Given that what we eat has an impact on our emotional state, it becomes essential to prioritize consuming the appropriate foods to cultivate a calm and pleasant mind. It’s important to remember that nourishing ourselves with good food plays a vital role in maintaining a positive mood and sustaining adequate energy levels, ultimately contributing to our overall well-being.
Here are some foods that can make us and our partners feel more content and calm:
Studies conducted in patients suffering from depression showed a significant improvement in their mood upon the prescription of Omega-3 fatty acids. Fresh fish, seeds such as sunflower seeds, flax seeds, chia seeds, dry fruits such as walnuts, and oils like soya bean oil, canola oil are all foods rich in Omega 3.
There are eight B vitamins namely B1 (thiamin), B2 (riboflavin), B3 (niacin), B5 (pantothenic acid), B6 (pyridoxine), B7 (biotin), B9 (folic acid) and B12 (cobalamin). These Bs play an important role in several body functions including producing brain chemicals that affect our mood.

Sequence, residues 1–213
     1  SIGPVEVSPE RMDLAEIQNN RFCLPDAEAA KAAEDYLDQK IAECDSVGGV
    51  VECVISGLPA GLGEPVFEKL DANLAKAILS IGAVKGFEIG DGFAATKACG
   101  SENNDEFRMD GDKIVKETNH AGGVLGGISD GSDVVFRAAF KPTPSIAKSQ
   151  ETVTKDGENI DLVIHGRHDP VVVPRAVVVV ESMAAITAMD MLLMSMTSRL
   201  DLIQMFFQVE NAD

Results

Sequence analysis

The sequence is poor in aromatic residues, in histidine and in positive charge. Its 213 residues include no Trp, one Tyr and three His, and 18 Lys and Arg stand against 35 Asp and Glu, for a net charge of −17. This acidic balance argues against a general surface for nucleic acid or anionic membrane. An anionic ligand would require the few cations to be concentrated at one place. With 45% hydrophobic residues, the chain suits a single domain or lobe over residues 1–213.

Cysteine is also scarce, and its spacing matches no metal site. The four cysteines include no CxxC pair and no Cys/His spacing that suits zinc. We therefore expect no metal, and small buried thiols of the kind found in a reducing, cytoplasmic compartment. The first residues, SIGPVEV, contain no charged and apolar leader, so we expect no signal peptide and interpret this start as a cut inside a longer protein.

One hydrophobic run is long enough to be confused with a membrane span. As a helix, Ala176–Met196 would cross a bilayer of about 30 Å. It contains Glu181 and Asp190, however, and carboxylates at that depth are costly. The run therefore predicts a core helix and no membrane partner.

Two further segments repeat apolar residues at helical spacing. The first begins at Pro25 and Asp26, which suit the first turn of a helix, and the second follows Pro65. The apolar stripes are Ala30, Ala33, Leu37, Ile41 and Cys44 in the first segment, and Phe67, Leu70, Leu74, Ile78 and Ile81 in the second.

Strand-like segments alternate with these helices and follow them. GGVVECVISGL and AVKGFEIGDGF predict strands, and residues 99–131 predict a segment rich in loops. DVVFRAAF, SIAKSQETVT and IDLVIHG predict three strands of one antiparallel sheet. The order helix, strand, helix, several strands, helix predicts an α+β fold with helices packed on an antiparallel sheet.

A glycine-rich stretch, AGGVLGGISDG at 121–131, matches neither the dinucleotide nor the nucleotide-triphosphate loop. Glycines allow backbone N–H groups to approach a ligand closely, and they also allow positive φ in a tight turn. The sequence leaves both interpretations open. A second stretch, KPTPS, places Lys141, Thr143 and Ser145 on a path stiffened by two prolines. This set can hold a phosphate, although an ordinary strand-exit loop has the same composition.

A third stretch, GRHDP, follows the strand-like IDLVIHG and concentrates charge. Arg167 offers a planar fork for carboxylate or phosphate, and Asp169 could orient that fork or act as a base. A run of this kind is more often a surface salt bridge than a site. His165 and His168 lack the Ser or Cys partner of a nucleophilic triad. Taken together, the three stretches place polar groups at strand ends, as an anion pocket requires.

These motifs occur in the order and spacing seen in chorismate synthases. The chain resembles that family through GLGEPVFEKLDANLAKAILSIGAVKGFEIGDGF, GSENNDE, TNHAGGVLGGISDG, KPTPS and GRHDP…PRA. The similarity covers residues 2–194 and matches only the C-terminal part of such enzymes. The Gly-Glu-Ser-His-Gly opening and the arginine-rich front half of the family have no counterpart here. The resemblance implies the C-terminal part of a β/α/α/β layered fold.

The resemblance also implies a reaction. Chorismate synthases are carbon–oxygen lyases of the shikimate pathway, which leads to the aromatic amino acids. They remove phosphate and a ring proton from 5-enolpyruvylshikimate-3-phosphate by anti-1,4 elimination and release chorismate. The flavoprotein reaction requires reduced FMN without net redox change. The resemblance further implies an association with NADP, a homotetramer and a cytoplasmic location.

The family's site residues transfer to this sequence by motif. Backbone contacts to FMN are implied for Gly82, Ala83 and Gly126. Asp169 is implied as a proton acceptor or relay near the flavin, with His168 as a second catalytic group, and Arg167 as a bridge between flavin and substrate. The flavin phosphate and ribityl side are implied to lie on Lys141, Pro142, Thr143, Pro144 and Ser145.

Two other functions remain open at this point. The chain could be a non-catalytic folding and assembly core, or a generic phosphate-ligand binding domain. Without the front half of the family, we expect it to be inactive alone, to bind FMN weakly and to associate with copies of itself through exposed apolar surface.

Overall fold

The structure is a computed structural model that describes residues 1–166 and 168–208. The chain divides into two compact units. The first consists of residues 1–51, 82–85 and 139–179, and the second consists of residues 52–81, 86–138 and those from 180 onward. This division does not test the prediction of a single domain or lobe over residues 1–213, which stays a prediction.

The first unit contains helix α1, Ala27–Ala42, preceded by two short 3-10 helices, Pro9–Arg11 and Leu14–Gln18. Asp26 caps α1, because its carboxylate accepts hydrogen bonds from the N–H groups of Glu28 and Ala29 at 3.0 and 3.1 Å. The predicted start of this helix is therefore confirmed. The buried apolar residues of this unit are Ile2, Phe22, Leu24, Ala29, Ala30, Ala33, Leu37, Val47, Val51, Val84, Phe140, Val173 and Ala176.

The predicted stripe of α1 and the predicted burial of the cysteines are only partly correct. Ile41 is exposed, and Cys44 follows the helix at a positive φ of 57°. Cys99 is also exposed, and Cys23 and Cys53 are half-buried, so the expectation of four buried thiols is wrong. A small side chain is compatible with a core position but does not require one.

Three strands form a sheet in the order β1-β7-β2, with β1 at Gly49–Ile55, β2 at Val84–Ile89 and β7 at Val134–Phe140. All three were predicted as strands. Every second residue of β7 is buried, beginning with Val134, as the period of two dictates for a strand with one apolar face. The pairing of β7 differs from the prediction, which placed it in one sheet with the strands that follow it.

Vitamin B also plays a vital role in cell metabolism and energy production. If you have a vitamin B 12 deficiency, it is advised to consult your doctor and get your homocysteine levels checked and take supplements for the same. Vitamin B can be naturally obtained from fish, lean meat, poultry, liver and kidney, milk, cheese, green leafy vegetables, legumes, seeds, nuts, etc.
Tryptophan, an essential amino acid, can be obtained from various food sources such as turkey, chicken, milk, oats, soy, nuts, and seeds. Once consumed, tryptophan is converted into serotonin, often referred to as the “happy hormone.” Serotonin plays a crucial role in positively influencing our mood and promoting a sense of calmness, making it important to ensure an adequate intake of these amino acids to support serotonin production in our bodies.
Green leafy vegetables and leguminous beans are high in fibre and nutrients. These foods promote the growth of good bacteria in our gut, add bulk to the stools and boost digestive health. The gut-brain axis plays a vital role in our mood, including these foods in our diet will bring balance to our gut and calm to our minds.